As a result, the nation is presently witnessing a shameful huge internal human movement and dislocations not because there is a war but because our politicians have created an atmosphere that has made it difficult for the people to see hope in what will remain of the nation during and after the general elections. Our brothers from regions of the country other than where they currently reside have either totally relocated or have partially sent their children and wards away from the perceived hotspots to avoid falling victim to the anticipated mayhem. While in other climes, elections and electioneering are seasons were promises of great tidings are made to the people, in Nigeria, what we receive are threats of violence and bloodletting.

As we approach the general election closely, the nation is gradually grinding to a halt. Our schools are planning to stop all activities to ensure the safety of our kids and businesses are planning to close shops to avoid losses to lives and properties. The politicians who are heating up the nation paradoxically are making advanced arrangements to abscond from the country when the fire they have lit begins to burn. Their families are already miles away from the shores of our nation while they stay here to gather stubbles to kindle the fire which they have espoused. Many of these politicians will run away in their illicitly acquired private jets; the proceeds of corruption

We observe that the economy continues being mismanaged by the ruling elite who have made nonsense of the essence and purpose of every national economy which is the pursuit of higher levels of wellbeing for its citizenry. All the macro-economic indices have gone southwards as the value of the nation’s currency nose dives in the foreign exchange market unleashing heightened levels of inflation, inducing increasing unemployment, multiplying poverty thus leaving the people seriously deprived and hopelessly alienated from the nation’s resources.

Our economy as it is presently constituted caters only for the rich. While the poor masses are urged on by the ruling elite to continue making sacrifices for the good of the nation, the rich keeps on looting and amassing the goods; while they are told to gird their loins for austerity measures, the rich keeps on loosening their belts, expanding in girt and in weight.

The resultant is that we have worrisome level of poverty in the country that is increasing by the day. As we write, it is recorded that more and more people are losing their livelihoods and sustenance to the anti-people policies of the ruling elite. Also, increasing number of Nigerians are daily losing their already poor access to basic social and public infrastructure; potable water, sanitation and health care have all become a mirage. Access to basic nutrition has become a struggle as many children only see milk on Television talk less of protein. Wartime diseases such as Kwashiorkor and Marasmus have therefore resurfaced in Nigeria again as there are reported cases in various parts of the north and Ebonyi state.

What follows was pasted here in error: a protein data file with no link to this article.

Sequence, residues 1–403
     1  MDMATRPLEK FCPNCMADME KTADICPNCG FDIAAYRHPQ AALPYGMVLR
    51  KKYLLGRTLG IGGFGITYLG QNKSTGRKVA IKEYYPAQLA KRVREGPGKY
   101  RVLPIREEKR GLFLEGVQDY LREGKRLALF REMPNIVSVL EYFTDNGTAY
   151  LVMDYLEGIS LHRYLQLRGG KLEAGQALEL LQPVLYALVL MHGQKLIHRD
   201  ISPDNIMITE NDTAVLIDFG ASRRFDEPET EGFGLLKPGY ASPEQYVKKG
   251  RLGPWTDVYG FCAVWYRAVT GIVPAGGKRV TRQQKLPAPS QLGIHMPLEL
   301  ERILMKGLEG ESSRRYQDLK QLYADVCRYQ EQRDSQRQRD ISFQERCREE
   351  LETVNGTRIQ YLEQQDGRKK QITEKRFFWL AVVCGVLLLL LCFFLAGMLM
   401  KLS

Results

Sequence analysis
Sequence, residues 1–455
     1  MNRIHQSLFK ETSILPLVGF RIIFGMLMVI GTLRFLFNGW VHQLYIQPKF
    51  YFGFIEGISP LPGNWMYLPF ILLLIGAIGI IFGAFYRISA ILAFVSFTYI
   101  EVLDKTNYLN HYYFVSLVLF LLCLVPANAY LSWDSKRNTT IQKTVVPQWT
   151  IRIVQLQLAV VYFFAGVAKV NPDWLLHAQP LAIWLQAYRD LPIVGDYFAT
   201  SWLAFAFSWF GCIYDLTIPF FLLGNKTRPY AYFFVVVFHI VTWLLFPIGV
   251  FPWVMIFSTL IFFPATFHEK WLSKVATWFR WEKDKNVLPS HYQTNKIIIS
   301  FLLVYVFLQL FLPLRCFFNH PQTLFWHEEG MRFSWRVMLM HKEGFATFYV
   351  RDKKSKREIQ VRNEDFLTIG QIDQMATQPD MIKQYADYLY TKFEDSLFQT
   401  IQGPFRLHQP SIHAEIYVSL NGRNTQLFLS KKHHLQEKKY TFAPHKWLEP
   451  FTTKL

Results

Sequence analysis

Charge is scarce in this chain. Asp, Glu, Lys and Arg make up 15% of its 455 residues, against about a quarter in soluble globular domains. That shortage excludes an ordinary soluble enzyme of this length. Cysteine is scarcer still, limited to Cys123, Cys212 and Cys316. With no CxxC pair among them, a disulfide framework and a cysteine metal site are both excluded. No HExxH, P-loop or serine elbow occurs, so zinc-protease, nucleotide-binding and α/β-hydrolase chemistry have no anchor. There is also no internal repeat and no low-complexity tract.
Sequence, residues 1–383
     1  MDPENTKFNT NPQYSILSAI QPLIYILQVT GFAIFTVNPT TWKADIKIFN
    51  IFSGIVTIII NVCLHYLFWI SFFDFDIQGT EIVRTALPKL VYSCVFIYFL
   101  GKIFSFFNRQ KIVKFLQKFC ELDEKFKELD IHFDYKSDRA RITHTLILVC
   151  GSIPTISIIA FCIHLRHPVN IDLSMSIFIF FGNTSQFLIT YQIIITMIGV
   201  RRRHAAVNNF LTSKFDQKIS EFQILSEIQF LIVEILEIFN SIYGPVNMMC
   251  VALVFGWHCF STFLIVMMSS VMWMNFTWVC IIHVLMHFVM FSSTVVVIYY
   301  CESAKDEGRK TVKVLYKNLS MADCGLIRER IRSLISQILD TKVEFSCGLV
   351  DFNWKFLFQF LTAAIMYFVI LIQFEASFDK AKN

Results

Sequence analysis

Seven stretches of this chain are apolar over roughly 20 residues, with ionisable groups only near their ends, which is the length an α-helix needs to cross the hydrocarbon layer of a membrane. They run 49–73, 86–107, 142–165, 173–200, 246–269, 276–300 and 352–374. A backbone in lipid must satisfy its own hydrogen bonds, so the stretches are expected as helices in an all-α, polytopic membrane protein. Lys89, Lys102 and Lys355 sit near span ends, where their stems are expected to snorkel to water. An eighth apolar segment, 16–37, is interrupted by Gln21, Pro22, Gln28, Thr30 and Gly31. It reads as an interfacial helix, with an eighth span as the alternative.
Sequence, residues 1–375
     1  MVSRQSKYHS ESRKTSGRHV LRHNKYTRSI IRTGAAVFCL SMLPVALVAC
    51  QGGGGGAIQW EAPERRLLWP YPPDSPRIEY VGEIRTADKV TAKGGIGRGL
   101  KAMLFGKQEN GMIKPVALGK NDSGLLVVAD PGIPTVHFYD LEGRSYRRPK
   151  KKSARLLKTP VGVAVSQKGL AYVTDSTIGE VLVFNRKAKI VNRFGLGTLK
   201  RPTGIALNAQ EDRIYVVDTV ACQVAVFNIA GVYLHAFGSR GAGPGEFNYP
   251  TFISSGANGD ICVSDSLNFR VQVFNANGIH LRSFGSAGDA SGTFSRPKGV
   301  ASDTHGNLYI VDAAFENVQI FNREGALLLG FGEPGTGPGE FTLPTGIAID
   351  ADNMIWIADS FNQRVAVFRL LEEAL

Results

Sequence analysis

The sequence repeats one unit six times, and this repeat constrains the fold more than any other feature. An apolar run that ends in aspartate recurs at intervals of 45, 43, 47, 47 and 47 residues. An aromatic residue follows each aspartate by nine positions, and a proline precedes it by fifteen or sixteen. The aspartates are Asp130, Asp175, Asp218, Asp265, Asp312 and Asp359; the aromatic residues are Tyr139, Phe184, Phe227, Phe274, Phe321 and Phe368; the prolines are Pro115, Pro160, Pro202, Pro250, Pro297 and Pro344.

The gini–coefficient has worsened increasing the polarisation between the poor in the country and the rich. While other societies talk of 1% controlling the huge resources of their various nations, Nigeria records around 0.5% of the population controlling over 99% of our national resources.

We have grown an economy that preys upon its poor, impoverishes them, shuts them out of the economic spaces and takes the little in their hands and transfers it to the rich. Despite the humungous growth forecasts as the fastest growing economy in Africa, the 3rd fastest in the World and the largest economy in Africa, the citizenry have become worse off without comparative impact upon their lives rather their situations have plunged over the years. It remains one of the poorest people in the African continent, very high maternal mortality, one of the highest rates of infant mortality and the worst place in the world to raise a child. These are all in the midst of much trumped economic progress.

We observe once again that there is an increasing reign of fear in Nigeria and this without any contradiction is seen in many parts of Nigeria manifesting in diverse degrees and depths. Kidnappings, murders occasioned by ritualists and political motives, including the spate of violent robberies experienced all over the federation have all become the order of the day. These have made ordinary citizens live with their hearts in their mouths and sleep with only one eye closed as lives are no longer held sacred as decreed by the holy books and natural justice.